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Old 10-16-2001, 04:04 AM   #1
Registered: Oct 2001
Location: /dev/null
Distribution: Debian, Slackware
Posts: 44

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Post Primary or Logical partition ?

hi people..

I just confused about which one to create,
and, why is the difference between them ?

why is that only 4 primary partitions can
be created ??

why is the best ?

Old 10-16-2001, 03:43 PM   #2
Registered: Jun 2001
Location: Fairfax, California
Distribution: RH 9.0, RH 7.3, Mandrake 8.0
Posts: 986

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Here are some links to chew on:
Old 10-16-2001, 03:51 PM   #3
Registered: Apr 2001
Location: Cambridge, England
Distribution: Slackware 10, Fedora Core 3, Mac OS X
Posts: 617

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Talking quick summary

i bet that the above links are very useful but just quickly

primary partitions are the main sort of partition that you make. There is a limit to how many of these you can make (which as you said is four). To get more partitions than this you need to make logical partitions. These are basically a partition within a partition (I think that they may sometimes be referred to as extended partitions). They tend not to get used much since computers nowadays can get around the 2GB hard drive limit (which meant you had to split larger drives into partitions) and few people need to have more than 4 partitions.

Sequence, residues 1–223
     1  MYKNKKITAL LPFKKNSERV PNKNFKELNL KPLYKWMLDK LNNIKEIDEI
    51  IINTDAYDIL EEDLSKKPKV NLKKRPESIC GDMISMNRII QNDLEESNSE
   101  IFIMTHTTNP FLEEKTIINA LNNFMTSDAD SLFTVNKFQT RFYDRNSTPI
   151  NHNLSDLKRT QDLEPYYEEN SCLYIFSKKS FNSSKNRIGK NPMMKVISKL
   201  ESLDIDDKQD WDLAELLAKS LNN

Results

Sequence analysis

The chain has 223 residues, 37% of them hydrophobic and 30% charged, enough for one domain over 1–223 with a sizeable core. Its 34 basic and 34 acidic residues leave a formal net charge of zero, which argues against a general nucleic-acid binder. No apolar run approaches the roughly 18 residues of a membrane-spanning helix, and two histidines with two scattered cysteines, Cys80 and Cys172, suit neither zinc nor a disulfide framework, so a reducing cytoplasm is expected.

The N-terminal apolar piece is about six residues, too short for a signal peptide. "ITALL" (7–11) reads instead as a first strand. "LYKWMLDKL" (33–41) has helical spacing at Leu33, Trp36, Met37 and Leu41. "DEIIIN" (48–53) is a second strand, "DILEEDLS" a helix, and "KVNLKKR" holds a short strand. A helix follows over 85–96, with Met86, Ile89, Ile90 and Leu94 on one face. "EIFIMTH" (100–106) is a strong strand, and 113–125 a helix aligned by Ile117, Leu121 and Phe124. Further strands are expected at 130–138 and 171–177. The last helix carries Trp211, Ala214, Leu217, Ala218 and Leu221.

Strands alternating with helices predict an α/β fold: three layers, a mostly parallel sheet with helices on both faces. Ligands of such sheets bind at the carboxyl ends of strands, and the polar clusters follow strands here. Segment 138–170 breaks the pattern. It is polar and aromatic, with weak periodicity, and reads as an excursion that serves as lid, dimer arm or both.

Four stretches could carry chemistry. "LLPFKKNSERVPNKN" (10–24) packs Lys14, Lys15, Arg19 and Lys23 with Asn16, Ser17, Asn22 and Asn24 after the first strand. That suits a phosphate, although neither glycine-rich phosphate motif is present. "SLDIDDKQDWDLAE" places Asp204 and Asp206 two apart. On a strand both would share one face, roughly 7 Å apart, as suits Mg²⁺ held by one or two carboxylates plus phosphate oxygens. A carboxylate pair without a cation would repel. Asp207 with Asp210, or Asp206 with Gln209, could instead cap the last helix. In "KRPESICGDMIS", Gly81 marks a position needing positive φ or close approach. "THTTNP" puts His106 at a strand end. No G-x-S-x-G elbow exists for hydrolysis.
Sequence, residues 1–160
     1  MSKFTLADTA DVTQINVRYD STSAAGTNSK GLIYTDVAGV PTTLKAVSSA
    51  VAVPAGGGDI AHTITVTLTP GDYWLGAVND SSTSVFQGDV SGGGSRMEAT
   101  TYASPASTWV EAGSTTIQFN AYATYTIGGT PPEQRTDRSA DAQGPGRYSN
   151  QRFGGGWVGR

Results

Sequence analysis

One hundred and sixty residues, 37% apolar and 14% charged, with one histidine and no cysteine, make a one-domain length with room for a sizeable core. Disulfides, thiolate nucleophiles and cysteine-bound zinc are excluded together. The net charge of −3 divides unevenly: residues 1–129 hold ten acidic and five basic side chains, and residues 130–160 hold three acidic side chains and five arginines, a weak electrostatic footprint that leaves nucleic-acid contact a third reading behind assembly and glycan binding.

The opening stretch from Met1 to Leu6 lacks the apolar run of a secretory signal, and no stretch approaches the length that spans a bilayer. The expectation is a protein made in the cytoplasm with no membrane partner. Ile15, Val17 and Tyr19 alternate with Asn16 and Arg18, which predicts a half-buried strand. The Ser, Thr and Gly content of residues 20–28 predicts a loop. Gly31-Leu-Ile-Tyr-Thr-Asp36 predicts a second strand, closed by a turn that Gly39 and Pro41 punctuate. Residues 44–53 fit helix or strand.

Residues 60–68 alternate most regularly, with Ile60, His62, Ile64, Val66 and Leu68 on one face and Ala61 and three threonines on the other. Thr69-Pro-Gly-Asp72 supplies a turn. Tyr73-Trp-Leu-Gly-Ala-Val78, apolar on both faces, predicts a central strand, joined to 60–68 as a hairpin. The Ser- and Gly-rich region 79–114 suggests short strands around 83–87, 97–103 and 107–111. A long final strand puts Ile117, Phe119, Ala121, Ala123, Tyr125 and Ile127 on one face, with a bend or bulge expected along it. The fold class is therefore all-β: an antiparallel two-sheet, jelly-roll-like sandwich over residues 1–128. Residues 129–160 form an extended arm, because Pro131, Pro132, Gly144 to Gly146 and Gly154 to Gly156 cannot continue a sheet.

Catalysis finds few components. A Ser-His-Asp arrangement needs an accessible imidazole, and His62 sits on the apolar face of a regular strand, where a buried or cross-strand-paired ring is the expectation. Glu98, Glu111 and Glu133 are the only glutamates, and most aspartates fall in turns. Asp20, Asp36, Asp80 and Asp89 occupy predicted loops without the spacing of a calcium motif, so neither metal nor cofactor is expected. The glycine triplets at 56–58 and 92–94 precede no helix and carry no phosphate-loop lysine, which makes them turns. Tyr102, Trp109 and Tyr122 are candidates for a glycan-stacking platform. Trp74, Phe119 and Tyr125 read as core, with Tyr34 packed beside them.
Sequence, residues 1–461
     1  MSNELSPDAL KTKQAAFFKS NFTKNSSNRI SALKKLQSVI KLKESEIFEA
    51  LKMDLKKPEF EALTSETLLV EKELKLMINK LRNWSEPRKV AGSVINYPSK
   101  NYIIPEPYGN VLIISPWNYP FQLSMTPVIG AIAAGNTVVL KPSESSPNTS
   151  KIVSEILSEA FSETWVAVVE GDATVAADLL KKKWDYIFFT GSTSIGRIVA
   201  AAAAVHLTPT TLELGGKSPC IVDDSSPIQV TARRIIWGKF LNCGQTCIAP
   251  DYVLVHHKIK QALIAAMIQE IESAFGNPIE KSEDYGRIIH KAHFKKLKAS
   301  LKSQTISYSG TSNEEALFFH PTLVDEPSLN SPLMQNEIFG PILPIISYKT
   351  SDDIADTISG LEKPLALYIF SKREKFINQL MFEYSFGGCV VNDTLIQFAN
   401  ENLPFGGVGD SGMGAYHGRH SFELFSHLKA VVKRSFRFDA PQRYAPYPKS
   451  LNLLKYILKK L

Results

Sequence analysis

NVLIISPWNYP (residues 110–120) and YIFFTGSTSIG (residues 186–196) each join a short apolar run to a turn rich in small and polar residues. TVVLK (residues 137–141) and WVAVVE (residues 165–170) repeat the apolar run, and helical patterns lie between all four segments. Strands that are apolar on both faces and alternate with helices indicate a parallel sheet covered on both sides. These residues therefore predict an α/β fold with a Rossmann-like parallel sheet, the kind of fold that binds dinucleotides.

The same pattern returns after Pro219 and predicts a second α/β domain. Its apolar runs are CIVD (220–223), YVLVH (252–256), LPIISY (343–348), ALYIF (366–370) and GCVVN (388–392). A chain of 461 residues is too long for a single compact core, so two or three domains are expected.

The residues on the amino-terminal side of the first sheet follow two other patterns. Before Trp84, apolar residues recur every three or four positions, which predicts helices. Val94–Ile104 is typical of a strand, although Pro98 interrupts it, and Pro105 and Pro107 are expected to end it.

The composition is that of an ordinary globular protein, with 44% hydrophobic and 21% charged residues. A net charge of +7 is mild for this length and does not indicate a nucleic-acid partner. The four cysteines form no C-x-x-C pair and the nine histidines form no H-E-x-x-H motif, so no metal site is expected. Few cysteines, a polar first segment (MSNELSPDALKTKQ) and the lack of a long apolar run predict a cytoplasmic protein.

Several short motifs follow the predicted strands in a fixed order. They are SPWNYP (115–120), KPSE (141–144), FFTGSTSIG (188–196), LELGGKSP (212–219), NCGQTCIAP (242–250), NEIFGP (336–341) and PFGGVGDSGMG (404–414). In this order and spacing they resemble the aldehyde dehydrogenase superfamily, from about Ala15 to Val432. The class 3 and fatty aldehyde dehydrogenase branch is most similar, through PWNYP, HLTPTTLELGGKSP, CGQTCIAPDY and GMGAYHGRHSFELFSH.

If you do need more it makes little difference since logical partitions should be handled seamlessly (you won;'t really notice i don;t think)


Old 10-16-2001, 05:16 PM   #4
LQ Newbie
Registered: Oct 2001
Location: Newport, RI
Posts: 14

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primary or logical and /boot

For safety, your Linux /boot partition should be 16-32 MB, and it must be within the first 1023 cylinders or 8 GBytes of your hard drive. It does not matter whether /boot is a primary or logical partition.

You can get around the above restriction, but following the above rule will make life easier. The other Linux partitions you need to create do not care whether they are primary or logical partitions either.

You can subdivide a primary partition into many logical partitions. If you are running a dual-boot system with Linux and Windows, I believe the Windows operating system needs to be a primary partition. Other Windows partitions do not have to be a primary partition.


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